We’re celebrating Earth Week 2016 with suggestions for how to apply the phrase “Earth Day Every Day” to conserving biodiversity. There are a number of great suggestions for things you can do every day to conserve energy and water; but we asked ourselves, what actions can we take to conserve biodiversity? This week we’ll explore: food production on biodiversity, how plastic consumption impacts biodiversity, creating a biodiversity friendly lawn, and engaging children in nature experiences to foster connections to the environment.
Happy Earth Day 2016 everyone!
As we prepared our Earth Week 2016 series, our internal discussions turned towards how Earth Hour and Earth Day often feel like token gestures. We care about the environment for an hour or a day, but more often we’re only acknowledging that others care about the environment for this short period of time. We hope the ideas offered within our Earth Week posts (plus these great suggestions) are catalysts for action. We believe that doing a little something is better than nothing, and that living by example is one of the most powerful ways to affect change. When others see your actions, they become inspired to act themselves.
A main challenge of living with an eye towards the environment and biodiversity conservation is that there is SO much to do! Sometimes the feeling is overwhelming; but it doesn’t have to be. We encourage people to start with a small step relevant to your lifestyle, once that becomes habit, take another step. Small steps will differ for everyone, but thinking about the impacts of our choices is the first step towards changing our habits. Maybe for you it will be carrying reusable shopping bags, asking the barista for coffee in a mug and not a paper cup, or participating in Meatless Monday. We’ll each be taking a small step this year and will tweet our #EarthDayResolutions.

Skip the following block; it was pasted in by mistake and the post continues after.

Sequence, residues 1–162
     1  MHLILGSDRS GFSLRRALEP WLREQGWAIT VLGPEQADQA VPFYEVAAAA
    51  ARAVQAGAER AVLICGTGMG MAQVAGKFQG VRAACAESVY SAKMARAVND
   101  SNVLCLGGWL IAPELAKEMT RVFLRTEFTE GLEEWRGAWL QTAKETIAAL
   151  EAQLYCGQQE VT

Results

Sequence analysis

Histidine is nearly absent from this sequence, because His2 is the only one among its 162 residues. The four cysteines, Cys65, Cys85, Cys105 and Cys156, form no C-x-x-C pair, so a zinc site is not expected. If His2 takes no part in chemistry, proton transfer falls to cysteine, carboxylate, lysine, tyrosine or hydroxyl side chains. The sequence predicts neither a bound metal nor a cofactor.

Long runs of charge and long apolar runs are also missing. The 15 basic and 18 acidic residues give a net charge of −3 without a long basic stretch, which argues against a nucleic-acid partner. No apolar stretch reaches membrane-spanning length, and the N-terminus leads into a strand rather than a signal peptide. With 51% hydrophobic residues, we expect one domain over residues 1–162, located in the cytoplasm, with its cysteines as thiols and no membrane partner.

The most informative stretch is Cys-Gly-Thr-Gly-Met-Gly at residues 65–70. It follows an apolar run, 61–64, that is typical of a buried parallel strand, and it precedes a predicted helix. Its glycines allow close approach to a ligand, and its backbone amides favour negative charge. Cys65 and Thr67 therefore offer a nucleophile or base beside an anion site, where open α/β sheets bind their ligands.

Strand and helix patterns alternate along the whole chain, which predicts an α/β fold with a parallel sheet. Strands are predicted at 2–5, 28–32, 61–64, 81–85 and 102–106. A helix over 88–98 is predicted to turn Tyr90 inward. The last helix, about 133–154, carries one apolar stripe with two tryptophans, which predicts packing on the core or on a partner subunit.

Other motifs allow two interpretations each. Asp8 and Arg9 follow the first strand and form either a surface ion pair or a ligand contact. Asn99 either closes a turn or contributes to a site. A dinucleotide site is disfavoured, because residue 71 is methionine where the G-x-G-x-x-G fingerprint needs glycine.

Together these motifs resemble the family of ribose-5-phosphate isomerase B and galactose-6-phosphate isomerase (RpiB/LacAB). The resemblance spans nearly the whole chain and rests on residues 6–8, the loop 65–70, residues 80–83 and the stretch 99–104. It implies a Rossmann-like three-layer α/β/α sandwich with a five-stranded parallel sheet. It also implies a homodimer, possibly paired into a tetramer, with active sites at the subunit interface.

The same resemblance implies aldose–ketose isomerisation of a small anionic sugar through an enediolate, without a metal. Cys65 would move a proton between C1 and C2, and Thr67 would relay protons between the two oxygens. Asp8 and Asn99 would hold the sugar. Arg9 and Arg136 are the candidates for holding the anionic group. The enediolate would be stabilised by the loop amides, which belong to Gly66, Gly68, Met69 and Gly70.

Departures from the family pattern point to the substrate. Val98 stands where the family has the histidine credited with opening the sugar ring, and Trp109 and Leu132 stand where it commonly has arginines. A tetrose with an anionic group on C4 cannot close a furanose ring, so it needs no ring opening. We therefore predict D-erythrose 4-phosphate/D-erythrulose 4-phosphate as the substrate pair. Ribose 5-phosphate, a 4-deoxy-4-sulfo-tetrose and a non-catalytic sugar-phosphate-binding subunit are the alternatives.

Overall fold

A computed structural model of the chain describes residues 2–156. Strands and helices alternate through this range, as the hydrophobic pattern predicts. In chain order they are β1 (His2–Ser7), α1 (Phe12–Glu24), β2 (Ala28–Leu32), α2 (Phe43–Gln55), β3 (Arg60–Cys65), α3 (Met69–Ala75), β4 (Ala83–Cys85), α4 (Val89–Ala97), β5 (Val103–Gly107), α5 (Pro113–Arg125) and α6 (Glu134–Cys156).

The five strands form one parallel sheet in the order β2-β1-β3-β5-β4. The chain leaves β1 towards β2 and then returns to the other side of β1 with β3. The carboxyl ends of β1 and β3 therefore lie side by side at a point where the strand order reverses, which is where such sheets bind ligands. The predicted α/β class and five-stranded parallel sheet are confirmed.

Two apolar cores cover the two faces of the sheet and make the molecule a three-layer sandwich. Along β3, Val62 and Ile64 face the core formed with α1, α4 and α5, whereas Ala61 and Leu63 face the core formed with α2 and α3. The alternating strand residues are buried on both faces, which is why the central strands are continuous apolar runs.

But what if you’ve made the small changes and are ready to take a big step. What do those changes look like? These suggestions can be uncomfortable to discuss, in part because they dramatically affect lifestyle, some may even be third rails of the environmental movement.
- Limit the number of children to 0 or 1. The idea here is to limit future consumption by limiting the number of people who will be consumers.
- Go vegetarian or vegan. Animal production requires large inputs of energy and water resources, thus decreasing consumption decreases the environmental impact.
- Downsize the square footage of your house. With less space for goods, you will purchase fewer things. Additionally, heating and cooling large spaces takes more energy than small spaces.
- Set thermostats warmer in summer and cooler in winter, rather than at a constant year round temperature.
- Become a 1 car family, or do not own a car. Easier in urban areas but achievable in suburban areas.
- Reduce consumption of goods
- Limit purchases of electronics or goods that use phantom energy (see here for tips)
- Use up all of the things you purchase. Wear out your clothes, eat food before it spoils, use all of your household goods
These big changes can take a lot of planning, but they are within reach. The crux is to remember the two themes of Earth Day: 1) Reduce, Reuse, Recycle and 2) Earth Day Every Day. Lifestyle changes that automatically take these themes into account can maximize your contribution to a sustainable future.